Abe Schwartz was one of the heroes of early 20th century klezmer. His compositions include such classics as "Tants, Tants Yiddlekh," "Di Bobe Ligt In Kempet (Grandma's With Child)," and "Dos Zekele Mit Koyln (The Little Bag of Coals)," which he recorded in 1919 with an orchestra and Yiddish theater star Abe Moskowitz. His most famous song, "Di Grine Kuzine (The Female Greenhorn Cousin)," became the source of controversy when Hyman Prizant claimed that the tune copied his song "Mayn Kuzine" and Yankele Brisker claimed that it was taken from his tune, "Di Grine Kuzine." A compromise was reached on March 22, 1921, when Schwartz and Prizant united to publish the song with Scwartz credited for the music and Prizant for the words. The song became a massive hit when Schwartz recorded it with an orchestra and Abe Moskowitz and led to a series of similarly minded songs. Raised in a small village outside of Bucharest, Schwartz was discouraged from music by his father, who wished him to get into the family's tinsmith business.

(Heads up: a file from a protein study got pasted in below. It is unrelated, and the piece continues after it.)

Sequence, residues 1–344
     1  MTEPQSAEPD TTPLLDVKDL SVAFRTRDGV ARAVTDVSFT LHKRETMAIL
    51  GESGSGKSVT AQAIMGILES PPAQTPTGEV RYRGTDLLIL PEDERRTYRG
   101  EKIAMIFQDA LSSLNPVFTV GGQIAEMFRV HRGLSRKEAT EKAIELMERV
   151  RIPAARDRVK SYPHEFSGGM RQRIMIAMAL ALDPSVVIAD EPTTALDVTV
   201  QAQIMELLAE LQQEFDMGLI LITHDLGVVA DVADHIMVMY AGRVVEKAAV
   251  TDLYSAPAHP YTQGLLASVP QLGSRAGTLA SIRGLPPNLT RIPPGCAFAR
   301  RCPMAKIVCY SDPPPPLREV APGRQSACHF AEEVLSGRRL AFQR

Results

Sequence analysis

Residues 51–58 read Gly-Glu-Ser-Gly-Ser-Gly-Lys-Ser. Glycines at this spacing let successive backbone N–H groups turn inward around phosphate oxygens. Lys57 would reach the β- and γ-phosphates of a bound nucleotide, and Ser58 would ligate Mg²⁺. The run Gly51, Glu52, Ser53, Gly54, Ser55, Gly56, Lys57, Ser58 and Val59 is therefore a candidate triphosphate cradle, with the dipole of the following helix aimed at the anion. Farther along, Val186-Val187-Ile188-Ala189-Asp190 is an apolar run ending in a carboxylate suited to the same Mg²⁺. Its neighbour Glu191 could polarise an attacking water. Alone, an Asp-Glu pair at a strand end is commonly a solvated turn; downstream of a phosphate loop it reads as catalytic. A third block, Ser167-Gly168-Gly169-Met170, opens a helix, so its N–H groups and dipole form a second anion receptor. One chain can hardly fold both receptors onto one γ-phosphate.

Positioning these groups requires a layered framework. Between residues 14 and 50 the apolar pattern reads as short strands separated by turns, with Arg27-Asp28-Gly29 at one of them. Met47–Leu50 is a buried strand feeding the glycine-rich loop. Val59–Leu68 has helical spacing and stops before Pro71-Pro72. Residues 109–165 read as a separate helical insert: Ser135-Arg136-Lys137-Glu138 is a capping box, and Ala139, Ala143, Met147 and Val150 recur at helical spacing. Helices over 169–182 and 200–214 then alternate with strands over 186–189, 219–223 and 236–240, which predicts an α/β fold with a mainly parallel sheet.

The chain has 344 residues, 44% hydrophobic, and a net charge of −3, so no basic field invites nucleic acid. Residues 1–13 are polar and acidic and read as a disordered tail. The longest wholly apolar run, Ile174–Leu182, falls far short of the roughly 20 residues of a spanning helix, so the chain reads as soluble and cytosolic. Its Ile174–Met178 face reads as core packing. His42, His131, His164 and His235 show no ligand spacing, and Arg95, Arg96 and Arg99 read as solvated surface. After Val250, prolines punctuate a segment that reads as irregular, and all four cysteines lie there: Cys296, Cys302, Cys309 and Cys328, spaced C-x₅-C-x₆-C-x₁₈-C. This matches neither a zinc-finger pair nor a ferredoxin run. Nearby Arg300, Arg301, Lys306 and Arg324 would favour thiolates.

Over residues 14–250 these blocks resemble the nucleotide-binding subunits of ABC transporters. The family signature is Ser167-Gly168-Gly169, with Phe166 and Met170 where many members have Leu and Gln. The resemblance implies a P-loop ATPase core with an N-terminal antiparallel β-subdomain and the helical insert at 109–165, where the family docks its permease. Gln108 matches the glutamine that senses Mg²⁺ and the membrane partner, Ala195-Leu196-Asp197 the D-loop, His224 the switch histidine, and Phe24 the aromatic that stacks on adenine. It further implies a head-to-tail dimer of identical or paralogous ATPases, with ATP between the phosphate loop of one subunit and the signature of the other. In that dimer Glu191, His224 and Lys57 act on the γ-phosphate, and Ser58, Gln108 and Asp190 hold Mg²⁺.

Soon after emigrating with his family to the United States, he met David Nodiff, a part-time composer and A&R man for Columbia Records. With Nodiff's support, he secured a position as director of instrumental record peformances and talent scout for Jewish talent. His greatest "discovery" was Naftule Brandwein, one of the most influential fiddlers in the history of Klezmer music. Schwartz's fame took on global proportions. His song, "Tants, Tants Yiddlekh" was released in Latin America as "Continua Bailando -- Baile Nupcial Hebrero" and credited to Orquestra Oriental. In 1919, Schwartz recorded several Polish and Russian songs as Orkiestra Wiejska and Russky Narodny, respectfully. While he mostly recorded with an orchestra, Schwartz scaled things down when he recorded "National Hora, Pts. 1 and 2" in May 1920, with the sole accompaniment of his 12-year-old daughter Sylvia on piano.